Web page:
The previous owner hadn't heard of oil changes, judging by the sludge in it when I got it. Maybe he thought he didn't need to as he was probably putting in a sump full every few months anyway, given the evidence of huge and long term oil loss that the dealer's steam clean didn't reach. I'd guess it was coming from the timing case and rocker cover.

I've flushed it all out and wasted a couple of filters and some good oil with short interval changes and the oil's staying clean now, like it should. I always change oil every 5,000k so it'll stay OK.

There's no serious oil leaks now. The dealer must have fixed up the timing case cover, which was freshly sealed when I got it. I'll put a rubber rocker cover gasket on and that'll cure the seepage from there.

The last owner, and the dealer, probably thought it was a dog but it's actually a bloody good car, with immaculate interior and excellent exterior, and nothing serious wrong elsewhere. I've done a couple of thousand k's in it and anything serious should have popped up by now. Here's hoping, anyway.
 

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Australian BA XR6 Falcon
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1,249 Posts
Re: Re: Does this cam and valve gear sound normal?

THE DOCTOR said:


A faulty inlet valve wont give you low compression, nor will it let fuel into the rocker cover, fine lines on the rockers are o.k these can be attributed to the bedding in process, although you dont describe how fine they are.
Your cam lobes suggest to me that with the pitted line in the center they were'nt ground right when the engine was put together. Lobes must rotate in the lifter bore to achieve there purpose. Yours sound like they are sticking and riding the tappet. need some more info on the crust you talk about, but have to agree with Pete I have seen worse engines thasn this come into the shop, and with more problems. Consider yourself in the top 10.
Now this reply has got me a little confused :confused: ;)
A dud inlet valve could cause low compression if it doesn't close properly.
The engine being discussed is tha Falcon OHC and the rockers use a roller running directly on the cam lobes, the valve lash adjuster sits on top of the valve stem on the other side of the rocker. ;)

Kieron
 

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Australian Ford Member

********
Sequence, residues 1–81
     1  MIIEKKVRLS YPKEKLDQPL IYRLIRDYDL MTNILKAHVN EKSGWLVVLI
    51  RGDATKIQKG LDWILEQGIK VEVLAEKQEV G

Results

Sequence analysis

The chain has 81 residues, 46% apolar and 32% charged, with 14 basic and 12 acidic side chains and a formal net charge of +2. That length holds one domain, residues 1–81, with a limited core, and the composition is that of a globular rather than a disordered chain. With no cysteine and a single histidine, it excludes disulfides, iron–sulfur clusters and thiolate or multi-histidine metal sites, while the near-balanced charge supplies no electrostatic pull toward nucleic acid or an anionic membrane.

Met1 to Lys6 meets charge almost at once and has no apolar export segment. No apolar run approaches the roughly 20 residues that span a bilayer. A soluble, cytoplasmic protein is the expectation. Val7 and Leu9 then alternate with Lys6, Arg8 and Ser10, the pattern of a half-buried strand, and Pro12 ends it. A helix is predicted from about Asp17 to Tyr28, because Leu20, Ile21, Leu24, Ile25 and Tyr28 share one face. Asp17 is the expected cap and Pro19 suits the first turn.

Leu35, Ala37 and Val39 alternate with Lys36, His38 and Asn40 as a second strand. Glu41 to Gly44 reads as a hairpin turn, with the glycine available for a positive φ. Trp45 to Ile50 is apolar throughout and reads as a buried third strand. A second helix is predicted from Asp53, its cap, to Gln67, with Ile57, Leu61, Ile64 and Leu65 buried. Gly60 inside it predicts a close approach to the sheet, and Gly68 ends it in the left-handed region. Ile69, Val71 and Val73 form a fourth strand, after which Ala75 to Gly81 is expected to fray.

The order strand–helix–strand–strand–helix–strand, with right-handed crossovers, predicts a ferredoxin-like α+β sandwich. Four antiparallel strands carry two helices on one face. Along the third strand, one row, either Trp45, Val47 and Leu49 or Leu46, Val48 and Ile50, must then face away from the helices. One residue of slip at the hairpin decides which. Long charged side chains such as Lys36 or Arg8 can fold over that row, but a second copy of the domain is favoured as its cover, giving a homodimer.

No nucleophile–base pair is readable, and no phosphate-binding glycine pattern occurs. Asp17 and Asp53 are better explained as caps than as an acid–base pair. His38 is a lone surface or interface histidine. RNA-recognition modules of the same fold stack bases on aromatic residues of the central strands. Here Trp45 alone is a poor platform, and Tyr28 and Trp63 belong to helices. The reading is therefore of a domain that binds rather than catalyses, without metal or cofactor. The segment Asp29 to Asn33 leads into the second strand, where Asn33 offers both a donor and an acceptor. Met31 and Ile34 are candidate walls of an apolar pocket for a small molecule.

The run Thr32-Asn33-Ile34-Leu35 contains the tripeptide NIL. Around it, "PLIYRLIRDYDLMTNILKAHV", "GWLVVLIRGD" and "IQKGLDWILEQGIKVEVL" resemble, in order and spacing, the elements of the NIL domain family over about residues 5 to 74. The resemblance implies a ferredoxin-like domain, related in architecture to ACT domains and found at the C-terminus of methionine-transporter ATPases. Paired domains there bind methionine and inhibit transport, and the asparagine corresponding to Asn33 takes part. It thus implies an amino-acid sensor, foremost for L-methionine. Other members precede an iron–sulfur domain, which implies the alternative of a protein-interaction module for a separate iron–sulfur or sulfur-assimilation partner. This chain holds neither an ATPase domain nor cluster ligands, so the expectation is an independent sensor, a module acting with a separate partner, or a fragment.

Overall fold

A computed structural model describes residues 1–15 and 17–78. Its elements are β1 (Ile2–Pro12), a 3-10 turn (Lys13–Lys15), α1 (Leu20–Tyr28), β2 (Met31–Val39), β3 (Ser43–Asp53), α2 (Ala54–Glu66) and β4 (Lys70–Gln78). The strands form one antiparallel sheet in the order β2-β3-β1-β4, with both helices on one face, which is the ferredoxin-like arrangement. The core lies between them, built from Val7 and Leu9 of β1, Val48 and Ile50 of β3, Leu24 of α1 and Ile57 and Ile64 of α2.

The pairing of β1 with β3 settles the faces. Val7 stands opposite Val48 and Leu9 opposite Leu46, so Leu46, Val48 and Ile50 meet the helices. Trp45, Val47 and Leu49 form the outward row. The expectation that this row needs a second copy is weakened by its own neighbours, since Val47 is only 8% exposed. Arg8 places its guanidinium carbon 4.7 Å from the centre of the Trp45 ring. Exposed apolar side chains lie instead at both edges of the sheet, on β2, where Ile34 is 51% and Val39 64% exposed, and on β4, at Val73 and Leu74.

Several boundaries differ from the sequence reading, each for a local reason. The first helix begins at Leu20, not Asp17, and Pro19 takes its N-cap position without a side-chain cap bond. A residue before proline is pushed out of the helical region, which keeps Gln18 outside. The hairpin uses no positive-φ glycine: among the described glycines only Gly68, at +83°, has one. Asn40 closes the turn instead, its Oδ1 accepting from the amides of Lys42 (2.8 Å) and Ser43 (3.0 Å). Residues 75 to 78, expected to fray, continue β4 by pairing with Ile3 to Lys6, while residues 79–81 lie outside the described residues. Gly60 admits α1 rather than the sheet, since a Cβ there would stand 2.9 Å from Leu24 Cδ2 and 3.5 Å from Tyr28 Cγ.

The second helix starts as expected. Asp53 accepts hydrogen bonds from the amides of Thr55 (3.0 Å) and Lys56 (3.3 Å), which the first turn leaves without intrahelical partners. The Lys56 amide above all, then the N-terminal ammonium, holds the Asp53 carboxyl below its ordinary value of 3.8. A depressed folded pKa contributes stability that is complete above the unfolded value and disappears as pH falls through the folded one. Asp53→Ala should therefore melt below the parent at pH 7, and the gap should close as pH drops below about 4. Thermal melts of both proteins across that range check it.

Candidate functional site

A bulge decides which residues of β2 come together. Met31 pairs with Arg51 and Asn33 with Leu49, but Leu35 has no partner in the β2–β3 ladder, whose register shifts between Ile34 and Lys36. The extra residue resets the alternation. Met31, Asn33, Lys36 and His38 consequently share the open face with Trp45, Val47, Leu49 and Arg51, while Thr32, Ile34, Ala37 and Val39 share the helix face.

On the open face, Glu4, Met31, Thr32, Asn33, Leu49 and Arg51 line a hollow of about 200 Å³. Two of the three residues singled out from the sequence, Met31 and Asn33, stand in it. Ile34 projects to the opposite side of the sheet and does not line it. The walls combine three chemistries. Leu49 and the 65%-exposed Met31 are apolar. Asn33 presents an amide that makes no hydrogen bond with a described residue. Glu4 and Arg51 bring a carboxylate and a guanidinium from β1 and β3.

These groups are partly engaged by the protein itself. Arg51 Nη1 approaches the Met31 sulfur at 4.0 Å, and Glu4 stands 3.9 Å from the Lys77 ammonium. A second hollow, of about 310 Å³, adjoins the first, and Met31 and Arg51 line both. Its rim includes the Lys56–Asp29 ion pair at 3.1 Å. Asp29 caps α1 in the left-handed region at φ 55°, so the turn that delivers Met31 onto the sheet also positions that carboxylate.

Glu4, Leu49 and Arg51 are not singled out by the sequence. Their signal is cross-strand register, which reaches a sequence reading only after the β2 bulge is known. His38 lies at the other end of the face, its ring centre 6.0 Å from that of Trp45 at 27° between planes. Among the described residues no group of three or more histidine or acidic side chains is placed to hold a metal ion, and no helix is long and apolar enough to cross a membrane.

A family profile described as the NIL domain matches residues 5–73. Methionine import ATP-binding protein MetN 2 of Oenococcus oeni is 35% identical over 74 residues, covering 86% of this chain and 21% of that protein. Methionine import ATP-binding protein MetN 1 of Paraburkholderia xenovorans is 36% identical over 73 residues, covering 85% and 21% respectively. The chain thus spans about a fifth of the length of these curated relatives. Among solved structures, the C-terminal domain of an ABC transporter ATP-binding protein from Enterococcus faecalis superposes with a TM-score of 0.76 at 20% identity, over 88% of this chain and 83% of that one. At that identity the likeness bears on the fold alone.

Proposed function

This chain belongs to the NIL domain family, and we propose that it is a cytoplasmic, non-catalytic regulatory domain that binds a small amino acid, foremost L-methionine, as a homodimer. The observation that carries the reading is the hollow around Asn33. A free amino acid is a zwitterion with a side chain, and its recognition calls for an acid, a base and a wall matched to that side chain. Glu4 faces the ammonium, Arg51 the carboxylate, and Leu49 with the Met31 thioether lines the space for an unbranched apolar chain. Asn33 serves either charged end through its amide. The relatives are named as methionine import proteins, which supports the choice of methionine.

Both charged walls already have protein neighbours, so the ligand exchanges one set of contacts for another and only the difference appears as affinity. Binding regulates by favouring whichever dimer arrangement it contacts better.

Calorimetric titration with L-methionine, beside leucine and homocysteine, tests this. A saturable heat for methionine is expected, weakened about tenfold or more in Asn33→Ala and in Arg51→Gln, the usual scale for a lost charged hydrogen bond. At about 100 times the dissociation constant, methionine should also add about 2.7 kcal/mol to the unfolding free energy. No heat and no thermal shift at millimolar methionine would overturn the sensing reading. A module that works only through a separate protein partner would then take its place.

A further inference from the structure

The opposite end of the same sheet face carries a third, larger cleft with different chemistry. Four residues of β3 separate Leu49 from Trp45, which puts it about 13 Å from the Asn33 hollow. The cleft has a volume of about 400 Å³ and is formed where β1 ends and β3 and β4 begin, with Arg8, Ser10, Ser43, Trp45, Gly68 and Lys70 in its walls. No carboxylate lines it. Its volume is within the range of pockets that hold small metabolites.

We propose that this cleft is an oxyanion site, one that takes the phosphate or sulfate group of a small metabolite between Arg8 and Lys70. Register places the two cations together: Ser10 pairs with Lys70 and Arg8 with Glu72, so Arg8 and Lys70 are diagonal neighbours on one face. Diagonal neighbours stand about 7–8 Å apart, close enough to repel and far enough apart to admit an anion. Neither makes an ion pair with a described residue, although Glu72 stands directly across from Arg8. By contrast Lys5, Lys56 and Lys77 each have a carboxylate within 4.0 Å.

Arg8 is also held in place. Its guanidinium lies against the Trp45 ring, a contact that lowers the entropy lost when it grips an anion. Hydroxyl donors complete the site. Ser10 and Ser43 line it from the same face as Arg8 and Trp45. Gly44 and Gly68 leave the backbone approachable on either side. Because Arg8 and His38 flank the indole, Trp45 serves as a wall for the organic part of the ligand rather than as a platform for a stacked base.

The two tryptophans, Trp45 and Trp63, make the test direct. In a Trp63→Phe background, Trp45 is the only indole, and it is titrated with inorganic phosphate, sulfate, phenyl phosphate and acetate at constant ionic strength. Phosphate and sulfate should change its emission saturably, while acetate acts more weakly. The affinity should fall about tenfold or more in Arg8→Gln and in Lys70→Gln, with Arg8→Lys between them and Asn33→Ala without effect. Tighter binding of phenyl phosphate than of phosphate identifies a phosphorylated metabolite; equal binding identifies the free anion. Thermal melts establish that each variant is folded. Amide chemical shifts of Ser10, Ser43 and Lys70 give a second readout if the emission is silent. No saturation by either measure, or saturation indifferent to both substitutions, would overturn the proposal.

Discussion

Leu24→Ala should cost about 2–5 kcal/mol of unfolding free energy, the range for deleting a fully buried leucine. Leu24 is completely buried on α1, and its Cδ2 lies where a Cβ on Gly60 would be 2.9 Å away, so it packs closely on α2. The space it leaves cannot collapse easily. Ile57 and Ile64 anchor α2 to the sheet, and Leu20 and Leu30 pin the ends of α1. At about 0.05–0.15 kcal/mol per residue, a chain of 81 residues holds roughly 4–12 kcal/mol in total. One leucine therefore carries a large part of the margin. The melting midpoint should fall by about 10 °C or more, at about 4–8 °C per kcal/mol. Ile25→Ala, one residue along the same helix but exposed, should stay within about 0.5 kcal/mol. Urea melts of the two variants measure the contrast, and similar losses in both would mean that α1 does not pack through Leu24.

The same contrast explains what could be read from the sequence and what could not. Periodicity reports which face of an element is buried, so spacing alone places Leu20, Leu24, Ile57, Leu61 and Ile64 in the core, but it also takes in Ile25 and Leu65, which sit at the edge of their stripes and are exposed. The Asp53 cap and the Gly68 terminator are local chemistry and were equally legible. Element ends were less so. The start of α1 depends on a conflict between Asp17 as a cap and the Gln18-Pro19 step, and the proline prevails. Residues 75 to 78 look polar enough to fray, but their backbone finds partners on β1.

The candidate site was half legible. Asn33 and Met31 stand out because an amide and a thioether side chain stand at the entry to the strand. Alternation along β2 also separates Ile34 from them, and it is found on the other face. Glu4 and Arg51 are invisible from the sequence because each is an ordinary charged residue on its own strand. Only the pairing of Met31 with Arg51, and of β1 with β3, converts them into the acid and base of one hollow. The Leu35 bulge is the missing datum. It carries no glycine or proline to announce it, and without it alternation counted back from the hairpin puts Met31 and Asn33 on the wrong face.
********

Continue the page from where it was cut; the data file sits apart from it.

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Discussion Starter #8
Kieron

Your point about the intake valve not closing was what I had in mind, on the basis that the chamber doesn't seal fully and lets some out on the compression stroke.

I was also thinking that with compression pushing air above a partially open intake valve the stem seal might eventually get damaged and tiny amounts of fuel vapor might get pushed up past the seal into the rocker area and over time cause the reddish brown varnish I found, if it was fuel dye. If so, this would indicate a sticky intake valve rather than exhaust. On thinking it through a bit further, the problem with that theory is that if it could push that hard, wouldn't it be interfering with the incoming air/fuel charge fairly significantly and cause rough running in at least the cylinder with low compression, and maybe stuff up the readings from the air density sensor by obstructing airflow / airspeed and so interfere with engine management?

You are correct about the lifters not being on the cam. I'd already noted that the rollers were on the cam. I can only plead a Force 8 hangover yesterday and a few hours' sleep the night before for not picking it up. My mental picture of the valve gear was a bit fuzzy, along with a few other things. I think The Doctor's reference to lifters (although he said lobes) rotating in the lifter bores indicates he was thinking of a pushrod, although when I read it yesterday I quite happily turned the rocker arm through 180% and formed a mental picture of a non-rotating lash adjuster sitting on the cam and grinding a groove in it, which I was going to check. How dumb was I?